This was the wide discretion each general sought and both rushed for Kabul. Pollock fought two vigorous skirmishes on the way, in one of which, at Huft Kotal, he inflicted a heavy reverse on Akhbar Khan and his army of 15,000 Afghan troops, before marching onto the old race course outside Kabul on 15th September 1842. For much of the route the troops were forced to trample over the bones of their colleagues and their families massacred and mutilated during the terrible retreat in January.

The progress of Pollock’s army was marked with the utmost savagery. Not for nothing was it named the “Army of Retribution.” In areas known to have taken part in the massacre of the Kabul garrison, whole populations were slaughtered and villages burnt.

On 9th August 1842 Nott sent the greater part of his force back to India from Kandahar via the southern route through Quetta while he marched for Kabul with his two British battalions, his “beautiful sepoy regiments” and his artillery.

On 28th August 1842 as Nott’s army approached Ghuznee his cavalry was badly mauled in a bungled attack on an Afghan force. On 30th August 1842 an army of 10,000 Afghans formed on the hills to the left of the Kabul road. Nott attacked and forced the Afghans off the battlefield with substantial losses.

Nott reached Ghuznee on 5th September 1842 and drove the Afghans out before pillaging the town in revenge for the massacre of the sepoy garrison and the ill-treatment of the British officers.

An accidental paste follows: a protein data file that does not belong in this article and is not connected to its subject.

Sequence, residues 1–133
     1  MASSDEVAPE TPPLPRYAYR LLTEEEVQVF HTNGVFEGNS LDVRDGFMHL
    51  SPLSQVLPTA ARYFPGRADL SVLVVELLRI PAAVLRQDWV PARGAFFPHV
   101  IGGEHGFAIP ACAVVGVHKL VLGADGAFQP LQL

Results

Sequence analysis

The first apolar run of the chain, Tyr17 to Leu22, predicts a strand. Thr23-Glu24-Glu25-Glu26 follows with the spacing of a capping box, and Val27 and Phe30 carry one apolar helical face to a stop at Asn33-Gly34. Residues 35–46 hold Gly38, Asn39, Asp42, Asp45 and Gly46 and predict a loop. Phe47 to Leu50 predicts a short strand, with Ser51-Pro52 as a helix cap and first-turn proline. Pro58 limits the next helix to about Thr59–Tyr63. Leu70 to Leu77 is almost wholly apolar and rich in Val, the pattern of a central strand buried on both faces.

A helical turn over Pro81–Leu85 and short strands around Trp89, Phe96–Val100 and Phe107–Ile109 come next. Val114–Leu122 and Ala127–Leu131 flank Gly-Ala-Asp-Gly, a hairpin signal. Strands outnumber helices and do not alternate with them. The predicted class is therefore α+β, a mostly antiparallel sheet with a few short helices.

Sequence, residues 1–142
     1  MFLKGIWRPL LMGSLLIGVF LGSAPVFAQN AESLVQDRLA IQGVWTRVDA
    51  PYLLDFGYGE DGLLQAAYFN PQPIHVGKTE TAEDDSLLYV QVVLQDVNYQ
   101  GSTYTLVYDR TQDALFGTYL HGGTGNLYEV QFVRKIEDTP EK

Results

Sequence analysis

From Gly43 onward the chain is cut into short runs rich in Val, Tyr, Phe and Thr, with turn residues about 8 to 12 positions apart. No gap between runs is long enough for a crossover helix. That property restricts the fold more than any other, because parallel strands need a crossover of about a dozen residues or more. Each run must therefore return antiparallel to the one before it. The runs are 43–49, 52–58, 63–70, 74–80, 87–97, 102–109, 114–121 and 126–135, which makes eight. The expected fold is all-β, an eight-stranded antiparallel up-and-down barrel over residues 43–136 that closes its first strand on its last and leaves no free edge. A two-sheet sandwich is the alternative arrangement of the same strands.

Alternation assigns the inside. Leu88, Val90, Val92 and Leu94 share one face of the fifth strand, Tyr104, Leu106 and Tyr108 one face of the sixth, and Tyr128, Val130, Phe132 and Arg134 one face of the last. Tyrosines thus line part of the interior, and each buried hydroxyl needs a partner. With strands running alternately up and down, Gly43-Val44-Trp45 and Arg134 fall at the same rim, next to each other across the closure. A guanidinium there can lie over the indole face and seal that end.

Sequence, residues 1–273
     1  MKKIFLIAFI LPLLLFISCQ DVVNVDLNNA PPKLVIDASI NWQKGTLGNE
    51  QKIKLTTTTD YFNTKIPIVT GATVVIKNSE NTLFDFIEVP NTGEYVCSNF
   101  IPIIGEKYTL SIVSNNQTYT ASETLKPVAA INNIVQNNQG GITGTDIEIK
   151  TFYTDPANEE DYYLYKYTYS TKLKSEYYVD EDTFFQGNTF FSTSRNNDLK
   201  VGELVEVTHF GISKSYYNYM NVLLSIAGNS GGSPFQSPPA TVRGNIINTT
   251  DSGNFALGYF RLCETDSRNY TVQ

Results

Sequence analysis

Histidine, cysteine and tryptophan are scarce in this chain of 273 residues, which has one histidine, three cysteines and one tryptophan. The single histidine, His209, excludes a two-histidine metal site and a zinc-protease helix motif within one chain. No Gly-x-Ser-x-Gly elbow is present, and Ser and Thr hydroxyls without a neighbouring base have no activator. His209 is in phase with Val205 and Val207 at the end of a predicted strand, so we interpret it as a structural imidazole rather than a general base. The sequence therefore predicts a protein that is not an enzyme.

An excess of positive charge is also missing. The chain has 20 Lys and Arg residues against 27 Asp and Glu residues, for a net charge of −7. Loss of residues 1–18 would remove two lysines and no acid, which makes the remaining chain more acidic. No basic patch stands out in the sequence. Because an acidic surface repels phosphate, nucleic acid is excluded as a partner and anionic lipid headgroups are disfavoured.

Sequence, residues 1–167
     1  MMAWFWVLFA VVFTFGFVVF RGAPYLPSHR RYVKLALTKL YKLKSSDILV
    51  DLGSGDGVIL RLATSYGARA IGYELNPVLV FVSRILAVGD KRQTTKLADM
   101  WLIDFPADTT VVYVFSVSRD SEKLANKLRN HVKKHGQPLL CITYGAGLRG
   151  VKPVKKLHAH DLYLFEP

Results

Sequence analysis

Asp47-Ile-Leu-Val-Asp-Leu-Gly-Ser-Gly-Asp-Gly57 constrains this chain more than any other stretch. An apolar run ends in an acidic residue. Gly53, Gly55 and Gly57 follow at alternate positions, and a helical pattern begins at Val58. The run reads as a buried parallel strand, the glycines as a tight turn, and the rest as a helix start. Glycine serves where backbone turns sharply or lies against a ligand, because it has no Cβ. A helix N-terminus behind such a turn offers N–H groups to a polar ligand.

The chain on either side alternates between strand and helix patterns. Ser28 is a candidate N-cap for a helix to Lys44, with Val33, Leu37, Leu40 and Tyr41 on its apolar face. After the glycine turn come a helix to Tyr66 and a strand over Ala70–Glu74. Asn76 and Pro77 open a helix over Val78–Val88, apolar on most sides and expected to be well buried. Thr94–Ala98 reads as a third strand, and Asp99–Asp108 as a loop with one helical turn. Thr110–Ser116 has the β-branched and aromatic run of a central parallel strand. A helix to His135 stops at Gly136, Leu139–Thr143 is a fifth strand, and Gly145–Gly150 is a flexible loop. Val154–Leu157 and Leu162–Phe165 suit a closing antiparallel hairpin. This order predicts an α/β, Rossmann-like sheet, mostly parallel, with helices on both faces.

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The spurious Gates of Somnath carried from Ghuznee in Afghanistan back to India by the 43rd Bengal Native Infantry (now the 9th Jat Light Infantry) in 1842 on the orders of Lord Ellenborough, the Governor General).

It was the command of the new Governor General, Lord Ellenborough, that the army bring away a set of ornate gates, known as the Somnath Gates, looted from India by the Afghans and hung at the tomb of Sultan Mohammed in Ghuznee. A sepoy regiment, the 6th Jat Light Infantry, was required to carry the gates back to India.

On 17th September 1842 Nott’s army reached Kabul to find, to his chagrin, Pollock there before him.
It was known that the British prisoners from the Kabul garrison were being taken west towards Bamian. Nott on his march to Kabul had refused to comply with the urgings of his officers to dispatch a force to Bamian. Pollock sent a force of Kuzzilibash Horse under Sir Richmond Shakespear to Bamian. Brigadier Sale was sent with a force of infantry to support Shakespear, appropriately as Lady Sale was one of the prisoners.

Shakespear arrived at Bamian on 17th September 1842 to find the British prisoners had negotiated their own release and were in command of their prison and the surrounding area. Prisoners and escort arrived in Kabul on 21st September 1842 to a rapturous greeting. Before the British and Indian troops left Afghanistan for India there was still unfinished business.